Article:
In steps 210 to 230, it is determined if there is no blocker present. In step 210, one waits for an interrupt signal. An interrupt may be a sampling event at a predetermined interval. The interrupt duty cycle may be programmable. For example, in one embodiment, it could have a minimum period of 310 μs and a maximum of 1.269 s. In step 215. It is determined if the MS Detector 150 level is too weak. A weak signal may be represented by an ELL 340 signal. If the MS Detector 150 signal is higher than ELL 340, as in LL 330, UL 320, or EUL 310, then a first counter 220 is set to 0, and the method continues with step 210. A weak MS Detector signal may be indicative that a blocker is not present since a strong blocker would increase the power level at the output of the VGA 125. The first counter is incremented by one in step 222. A decision is made if the first counter has reached a predefined number of times of blocker not being present. For example, in one embodiment, if the first counter has not reached 10, then the method continues with step 210. If step 225 determines that the first counter has reached 10, then the first counter is reset in step 230. The first counter provides hysteresis in order to assure that the MS Detector 215 level is stable and not fluctuating. In one embodiment, the first counter could be a programmable 6 bit counter.

Moving past step 230 is indicative that a blocker is not present. Steps 240 to 265 will check if blocker is present. In step 235, the maximum allowable gain of the combined LNA 105 and VGA 125 is increased to an upper limit. In one embodiment, this combined upper limit may be 19, from a range of 0 to 19. Step 240 waits for an interrupt. The interrupt duty cycle may be programmable and may be the same interrupt as in 210. In step 245, it is determined whether the LPF 130 gain is greater than a predetermined upper threshold. In one embodiment the predetermined upper threshold is 6 dB, which may be programmable. The range of gain for LPF 130 may be 0 dB to 24 dB with 3 dB increments. If the gain is not greater than a predetermined upper threshold, a second counter is reset to 0 and the method continues with step 240. If LPF 130 gain is greater than the predetermined upper threshold, then step 255 determines if the combined gain of the LNA 105 and the VGA 125 is less than a predetermined lower threshold. In one embodiment, the predetermined lower threshold may be programmable and set to 49 dB from the maximum of 51 dB. If not, then the second counter is reset in step 250 and the method continues with a wait for another interrupt in step 240. The combined gain tested for in the combined gain of the LNA 105 and the VGA 125 in step 255 is programmable, depending on the sensitivity required. Further, the maximum allowable gain of LNA 105 and VGA 125 may be independently programmable. For example, the LNA 105 gain may have a range in hex from 1 to 6, while the VGA may have a programmable range in hex from 1 to A. A low combined gain of the LNA 105 and the VGA 125 may be indicative that a blocker is present. A high LPF 130 gain may be indicative that the in-band desired signal is weaker than the blocker and was needed to be incremented to achieve the desired operating range. In step 260 the second counter is incremented. If the LPF 130 gain remains greater than 6 dB while the combined LNA 105 and VGA 125 gain is below 49 dB for a predetermined and programmable count of 2, step 265 leads to step 270 where the second counter is reset to 0 and the method continues at step 205 where the maximum gain allowable by the AGC 160 for the LNA 105 and VGA 125 is set to the lower lower blocker limit. Otherwise, the method continues with step 240 to wait for another interrupt. As in the first counter, the second counter adds hysteresis to assure that the determination of the presence of a blocker is stable. The order of step 245 and step 255 may be interchanged.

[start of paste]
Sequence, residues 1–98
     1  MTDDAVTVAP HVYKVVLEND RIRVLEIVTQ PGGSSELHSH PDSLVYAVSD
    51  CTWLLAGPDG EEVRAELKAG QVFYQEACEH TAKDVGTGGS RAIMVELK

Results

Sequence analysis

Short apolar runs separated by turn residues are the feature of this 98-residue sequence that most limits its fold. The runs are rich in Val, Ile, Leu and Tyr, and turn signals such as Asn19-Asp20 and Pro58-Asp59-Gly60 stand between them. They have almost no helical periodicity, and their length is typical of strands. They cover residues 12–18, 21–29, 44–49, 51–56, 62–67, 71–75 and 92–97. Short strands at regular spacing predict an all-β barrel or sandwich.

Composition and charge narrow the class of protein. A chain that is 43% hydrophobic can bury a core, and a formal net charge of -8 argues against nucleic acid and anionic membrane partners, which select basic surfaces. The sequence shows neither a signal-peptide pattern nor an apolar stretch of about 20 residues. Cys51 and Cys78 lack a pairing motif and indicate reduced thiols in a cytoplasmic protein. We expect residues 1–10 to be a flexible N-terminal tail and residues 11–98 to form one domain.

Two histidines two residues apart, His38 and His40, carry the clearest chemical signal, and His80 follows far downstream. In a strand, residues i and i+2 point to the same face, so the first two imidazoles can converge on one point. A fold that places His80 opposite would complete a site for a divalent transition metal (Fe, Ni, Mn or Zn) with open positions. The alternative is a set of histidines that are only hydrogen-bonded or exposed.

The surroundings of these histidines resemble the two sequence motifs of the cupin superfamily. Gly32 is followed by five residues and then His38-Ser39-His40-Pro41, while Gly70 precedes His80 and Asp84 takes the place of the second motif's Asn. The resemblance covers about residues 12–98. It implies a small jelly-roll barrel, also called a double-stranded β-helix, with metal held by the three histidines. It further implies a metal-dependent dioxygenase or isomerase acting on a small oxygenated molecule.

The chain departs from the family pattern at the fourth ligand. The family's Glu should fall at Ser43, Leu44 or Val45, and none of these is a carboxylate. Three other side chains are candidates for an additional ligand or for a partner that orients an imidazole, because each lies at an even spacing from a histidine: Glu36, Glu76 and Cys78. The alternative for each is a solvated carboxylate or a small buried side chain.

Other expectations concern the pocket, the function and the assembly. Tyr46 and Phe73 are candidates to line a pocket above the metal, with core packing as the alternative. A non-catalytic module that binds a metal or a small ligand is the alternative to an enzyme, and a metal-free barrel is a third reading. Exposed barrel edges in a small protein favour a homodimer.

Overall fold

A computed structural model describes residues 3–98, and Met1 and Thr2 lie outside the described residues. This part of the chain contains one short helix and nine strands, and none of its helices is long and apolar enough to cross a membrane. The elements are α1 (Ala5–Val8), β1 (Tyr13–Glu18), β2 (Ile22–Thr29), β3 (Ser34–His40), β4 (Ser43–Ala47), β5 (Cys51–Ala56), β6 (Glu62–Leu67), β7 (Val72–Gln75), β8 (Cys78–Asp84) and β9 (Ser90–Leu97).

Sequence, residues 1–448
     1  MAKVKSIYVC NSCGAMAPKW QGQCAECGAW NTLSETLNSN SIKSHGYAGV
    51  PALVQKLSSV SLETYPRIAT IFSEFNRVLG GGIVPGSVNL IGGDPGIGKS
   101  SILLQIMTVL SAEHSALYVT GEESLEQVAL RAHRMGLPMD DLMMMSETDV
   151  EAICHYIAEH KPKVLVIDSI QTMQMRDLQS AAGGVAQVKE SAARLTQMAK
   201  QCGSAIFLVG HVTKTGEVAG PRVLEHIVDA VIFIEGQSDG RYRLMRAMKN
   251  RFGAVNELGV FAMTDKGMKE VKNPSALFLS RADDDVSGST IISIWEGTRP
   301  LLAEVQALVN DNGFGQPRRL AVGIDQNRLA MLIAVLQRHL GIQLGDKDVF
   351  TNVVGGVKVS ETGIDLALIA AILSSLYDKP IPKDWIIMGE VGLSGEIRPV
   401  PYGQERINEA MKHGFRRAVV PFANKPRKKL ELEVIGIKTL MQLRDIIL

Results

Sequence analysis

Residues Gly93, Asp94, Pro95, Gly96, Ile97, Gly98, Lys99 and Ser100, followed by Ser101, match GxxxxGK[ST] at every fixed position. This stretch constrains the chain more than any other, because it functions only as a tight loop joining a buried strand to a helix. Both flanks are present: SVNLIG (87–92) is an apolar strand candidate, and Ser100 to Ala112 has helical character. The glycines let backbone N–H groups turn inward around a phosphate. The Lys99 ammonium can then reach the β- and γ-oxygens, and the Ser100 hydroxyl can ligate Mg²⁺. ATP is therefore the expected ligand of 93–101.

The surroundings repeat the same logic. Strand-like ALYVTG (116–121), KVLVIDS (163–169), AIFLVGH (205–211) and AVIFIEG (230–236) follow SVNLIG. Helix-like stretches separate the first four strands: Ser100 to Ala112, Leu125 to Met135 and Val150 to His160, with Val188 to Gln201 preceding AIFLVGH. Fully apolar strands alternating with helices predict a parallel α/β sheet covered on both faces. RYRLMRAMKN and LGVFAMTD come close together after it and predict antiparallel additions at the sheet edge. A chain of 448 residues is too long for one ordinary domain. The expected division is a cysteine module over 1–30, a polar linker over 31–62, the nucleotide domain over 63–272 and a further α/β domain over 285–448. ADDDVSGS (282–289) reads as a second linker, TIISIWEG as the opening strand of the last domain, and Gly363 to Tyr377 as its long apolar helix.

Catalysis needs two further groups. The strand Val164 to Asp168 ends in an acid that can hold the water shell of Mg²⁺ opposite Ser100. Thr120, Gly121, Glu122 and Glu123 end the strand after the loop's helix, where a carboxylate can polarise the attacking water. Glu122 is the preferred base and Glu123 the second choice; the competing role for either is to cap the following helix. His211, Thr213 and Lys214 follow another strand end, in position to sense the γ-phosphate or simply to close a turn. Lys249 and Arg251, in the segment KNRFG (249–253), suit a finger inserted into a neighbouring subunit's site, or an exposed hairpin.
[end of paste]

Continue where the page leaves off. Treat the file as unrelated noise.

Although the present invention has been described with reference to particular examples and embodiments, it is understood that the present invention is not limited to those examples and embodiments. For example, in an alternate embodiment, step 235 may follow step 200. Further, gains and ranges have been provided for explanation purposes only. The present invention as claimed, therefore, includes variations from the specific examples and embodiments described herein, as will be apparent to one of skill in the art. Except to the extent necessary or inherent in the processes themselves, no particular order to steps or stages of methods or processes described in this disclosure, including the figures is implied. In many cases the order of process steps may be varied without changing the purpose, effect or import of the methods described.

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Classifications
U.S. Classification455/240.1, 455/232.1, 455/241.1
International ClassificationH04B1/06
Cooperative ClassificationH04B1/1036
European ClassificationH04B1/10E2
Legal Events
DateCodeEventDescription
May 28, 2008ASAssignment
Owner name: ANALOG DEVICES, INC., MASSACHUSETTS
Free format text: ASSIGNMENT OF ASSIGNORS INTEREST;ASSIGNORS:DA GRACA, PAUL J;MANGINO, ALFRED R;CAMDEN, RICHARD S;REEL/FRAME:021008/0815
Effective date: 20080508
Dec 31, 2014FPAYFee payment
Year of fee payment: 4